 Have complainant reduce complaint to writing or obtain
signed statement after initial interview
 Insist on cooperation as a duty of employment
 Interview everyone referred to in the complaint
 Consistent opening comments explaining purpose,
confidentiality
 Give the alleged harasser the opportunity to respond to
every complaint
 Talk to everyone the alleged harasser identifies as
being a witness or having relevant information
Features of a Proper Investigation
 Track to ground any information that comes out of
interviews, review related documents, records
 Go back to witnesses, complainants or alleged
perpetrators to find out response to additional or
contradictory information obtained
 Take detailed notes of all interviews and, as
appropriate, have interviewees review notes or
summary statement and sign as accurate
 Type notes as soon as possible after interview, i.e.,
while memory is fresh
Features of a Proper Investigation
 Allow people to contact investigator after interview if
additional information recalled
 Two interviewers often ideal for several reasons
 Ensure confidentiality (walls have ears). Consider off-
site interviews
 Tour work sites where incidents alleged to have
occurred
 Avoid “if there’s smoke, there’s fire”, both before (bias)
or after (undermine outcome and conclusions)
Features of a Proper Investigation
 Make findings of credibility, if necessary
 Make an objective determination based on balance of
probabilities standard
 Advise participants of right to be free from reprisals and
to file a complaint in the future
 Follow up to ensure no reprisals and proper adjustment
after investigation closed
Disciplining Employees for
Breach of Policy








Discipline should always be commensurate with offence
Remember, employer has several forms of discipline
available: warning, suspension, last chance
arrangements, termination
Be particularly careful in disciplining long-service
employees
Consider implementing progressive discipline policies
Discipline must be recorded in writing including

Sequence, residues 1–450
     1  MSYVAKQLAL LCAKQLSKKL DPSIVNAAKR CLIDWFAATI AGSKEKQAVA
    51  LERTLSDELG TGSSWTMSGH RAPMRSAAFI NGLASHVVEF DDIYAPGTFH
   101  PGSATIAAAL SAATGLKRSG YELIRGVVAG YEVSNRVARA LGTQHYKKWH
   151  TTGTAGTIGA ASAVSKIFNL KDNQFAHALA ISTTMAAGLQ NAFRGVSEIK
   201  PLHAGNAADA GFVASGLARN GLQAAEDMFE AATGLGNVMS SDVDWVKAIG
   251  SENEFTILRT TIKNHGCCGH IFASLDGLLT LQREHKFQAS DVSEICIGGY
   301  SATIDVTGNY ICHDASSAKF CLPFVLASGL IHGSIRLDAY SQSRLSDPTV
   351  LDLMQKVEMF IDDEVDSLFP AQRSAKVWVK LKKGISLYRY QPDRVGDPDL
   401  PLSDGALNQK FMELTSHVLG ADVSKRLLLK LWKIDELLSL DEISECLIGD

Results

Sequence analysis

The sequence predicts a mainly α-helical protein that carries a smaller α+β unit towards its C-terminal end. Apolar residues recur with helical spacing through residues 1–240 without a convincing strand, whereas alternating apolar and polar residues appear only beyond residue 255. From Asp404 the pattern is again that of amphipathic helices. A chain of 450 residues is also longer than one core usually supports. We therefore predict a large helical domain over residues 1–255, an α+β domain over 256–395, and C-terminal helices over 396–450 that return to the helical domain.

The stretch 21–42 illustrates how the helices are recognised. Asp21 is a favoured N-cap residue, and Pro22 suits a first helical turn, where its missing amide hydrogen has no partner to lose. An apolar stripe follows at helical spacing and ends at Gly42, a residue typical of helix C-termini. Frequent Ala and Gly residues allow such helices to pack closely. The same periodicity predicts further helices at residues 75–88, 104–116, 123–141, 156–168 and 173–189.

response of employee (even if employee refuses to
sign)
Disciplinary measures must always outline expectations
Follow up!
Remember to maintain privacy of disciplined employee
Disciplining Employees
- cont’d -
Terminations:




For cause: only if very serious incident which will make
continued employment impossible, or if employee
repeat offender
For cause: remember that may still have to pay
Employment Standards Act entitlements, unless
employee guilty of willful misconduct
Without cause: may decide to part ways with employee,
despite absence of cause. In this case, it is best not to get
into reason for termination
Without cause: review contract of employment for
termination clause and seek legal advice; remember, no
such thing as “near cause”
Potential Damages Claims
Constructive Dismissal




Employer has duty to maintain proper work environment
free of harassment and violence
Where employer breaches this duty (intentionally or not),
contract of employment deemed violated
Employee can treat employment as being at an end and
demand severance package
Bill 168 makes it easier to pursue constructive dismissal
claim because employee does not have to show that
employer failed to react. Would only have to show that
employer did not fully comply with obligations under the
new legislation.
Potential Damages Claims
- cont’d -
Infliction of Mental Suffering




If employee suffers psychological injuries as a result of
harassment or violence, could hold employer liable
Employee does not have to show that employee was
negligent, just that employer failed to comply with Bill 168
Potential Damages exposure is significant (Sultz v.
RCMP), could be liable to employee if cannot work again:
general damages for mental suffering, special damages
for past and future loss of income.
Such claims were rare, but will be easier to establish as a
result of Bill 168
Other Resources

Ontario Ministry of Labour:
http://www.labour.gov.on.ca/english/hs/pubs/wpvh/index.php
- A Toolbox
http://www.labour.gov.on.ca/english/pdf/wvps_toolbox.pdf
(Includes Suggested Risk Assessment Template)

Canadian Centre for Occupational Health and Safety:
http://www.ccohs.ca

Ontario Safety Association for Community and Healthcare:
http://www.hchsa.on.ca
Domestic Violence Doesn’t Stop When Your Worker Arrives at Work:
What Employers Need to Know to Help http://www.hchsa.on.ca/products/free_resource.shtml
Toronto Head Office:
350 Bay Street
Suite 1000
Toronto, Ontario
M5H 2S6
For further information, please
contact:
Mississauga Office:
2 Robert Speck Pkwy.
Suite 750
Mississauga, Ontario
L4Z 1H8
Lior Samfiru or Chuck Tahirali
Tel: (416) 861-9065
Fax: (416) 361-0993
www.stlawyers.ca
www.coiri.com
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Presented by: Lior Samfiru and Chuck Tahirali
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Prepared for: Breakfast Seminar Regarding Bill 168